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Friday, March 5, 2021
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News + Politics Housing UC Regents set conditions on massive new development project

UC Regents set conditions on massive new development project

After misinformation and criticism, board approves next steps on Parnassus Heights campus plan -- but this is just the beginning.

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The UC Board of Regents voted unanimously today to approve the next steps in the massive Parnassus Heights campus expansion, despite significant misinformation and some sharp critiques of the project’s management.

This is the original rendering showing a massive new hospital building.

But in a key move, the board said that approval was contingent on the Regents chair signing a Memorandum of Understanding with the city and that the university must comply with that MOU.

That means the development of a new hospital, research and office space, and housing has gone a step further – but there is still a long way to go before the project is final.

This is what the Regents saw as the latest version — but it’s still 40 percent taller than the current hospital.

UCSF has already broken a deal approved by the Regents in 1976 that limited the amount of total space on the campus. The school has offered the city a Memorandum of Understanding that the city attorney says can’t be enforced in a court of law.

However, the vote today essentially puts the board on record saying that UCSF will comply with the MOU and puts Board Chair John Perez, who had some serious criticisms of the project, in the position to influence the final direction.

“The Regents, led by Chair John Perez and Vice Chair Cecilia Estolano, clearly shared the concerns we raised around UCSF’s proposed agreement with the city, an MOU that is intended to provide community benefits to offset the impacts of the development,” said Sup. Dean Preston, who represents D5, which will be heavily impacted by the project.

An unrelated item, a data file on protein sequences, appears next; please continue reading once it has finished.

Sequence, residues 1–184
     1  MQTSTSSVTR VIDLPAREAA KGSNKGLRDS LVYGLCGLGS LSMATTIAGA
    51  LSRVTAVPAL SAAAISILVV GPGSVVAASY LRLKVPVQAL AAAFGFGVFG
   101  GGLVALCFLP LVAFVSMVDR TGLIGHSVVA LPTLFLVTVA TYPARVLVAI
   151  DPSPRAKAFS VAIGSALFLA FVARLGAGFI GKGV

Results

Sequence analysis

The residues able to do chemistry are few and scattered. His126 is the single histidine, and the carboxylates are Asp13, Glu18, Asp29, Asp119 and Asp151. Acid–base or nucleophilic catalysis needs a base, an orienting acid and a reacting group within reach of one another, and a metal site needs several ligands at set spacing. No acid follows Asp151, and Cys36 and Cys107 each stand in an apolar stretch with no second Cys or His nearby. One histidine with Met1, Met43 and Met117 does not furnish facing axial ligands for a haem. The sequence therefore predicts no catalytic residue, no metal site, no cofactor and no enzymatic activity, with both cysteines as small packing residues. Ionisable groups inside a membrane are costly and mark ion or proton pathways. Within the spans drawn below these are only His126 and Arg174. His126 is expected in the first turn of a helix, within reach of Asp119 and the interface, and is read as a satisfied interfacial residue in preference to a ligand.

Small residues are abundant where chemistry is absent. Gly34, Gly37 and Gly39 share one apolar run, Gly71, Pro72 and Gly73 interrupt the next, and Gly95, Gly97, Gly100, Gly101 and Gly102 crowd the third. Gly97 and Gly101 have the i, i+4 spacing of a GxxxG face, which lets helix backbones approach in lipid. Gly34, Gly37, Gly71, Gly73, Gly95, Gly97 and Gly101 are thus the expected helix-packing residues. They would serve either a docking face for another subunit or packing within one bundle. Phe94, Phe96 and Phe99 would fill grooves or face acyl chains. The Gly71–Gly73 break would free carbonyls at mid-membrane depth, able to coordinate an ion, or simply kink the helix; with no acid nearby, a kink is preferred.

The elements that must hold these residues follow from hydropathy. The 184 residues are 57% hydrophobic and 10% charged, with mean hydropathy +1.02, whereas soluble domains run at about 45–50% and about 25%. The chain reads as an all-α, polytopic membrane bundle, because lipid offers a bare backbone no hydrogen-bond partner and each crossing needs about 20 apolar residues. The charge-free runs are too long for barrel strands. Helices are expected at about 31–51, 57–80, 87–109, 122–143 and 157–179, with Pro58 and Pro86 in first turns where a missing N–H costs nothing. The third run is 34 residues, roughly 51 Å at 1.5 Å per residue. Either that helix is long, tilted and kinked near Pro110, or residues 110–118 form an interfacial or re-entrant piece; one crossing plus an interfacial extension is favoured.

In a meeting of the Regents Finance and Capital Strategies Committee Wednesday, Chancellor Sam Hawgood took a decidedly hostile tone toward community activists, saying that his office had received a considerable volume of communication in the past week but “none of this involves any new environmental information or requires any new analysis.”

Then he said that Sup. Myrna Melgar, whose District 7 includes much of the project area, “just sent a letter of support for the project.”

Melgar had voted with a 10-1 majority on the Board of Supes to seek a delay in the Regents approval.

I talked to Melgar, and she sent me the letter. She did, indeed, say she supports the project, in general, and that it’s critical to have a hospital that serves the West side of town. (Almost nobody disagrees with that.)

In her letter, though, she said that the MOU needed to be more specific about affordable housing, particularly for lower-paid workers. And she told me that she demanded a project-labor agreement that would guarantee union jobs.

“They told me they had never signed a project-labor agreement before,” Melgar said. She said she had seen “a lot of progress in that direction” but that the deal wasn’t final.

So Hawgood wasn’t exactly clear on that point.

Nor was he clear on the height of the new building. He told the committee that the current building is 14 stories and the new one – according to the latest architectural plans – would be only 15 stories (although earlier discussions mentioned at many as 30 stories).

But Perez pushed back. “But the overall height will be taller than the existing hospital,” he said. In fact, Hawgood admitted, with taller floors and a mechanical structure on top, the new proposal would be 280 feet high.

The current building is 200 feet high.

“That is 40 percent taller than the current building,” Perez said. “I love the idea, but I have to live with myself that we are being transparent with people. The opacity between stories and height gives me pause.”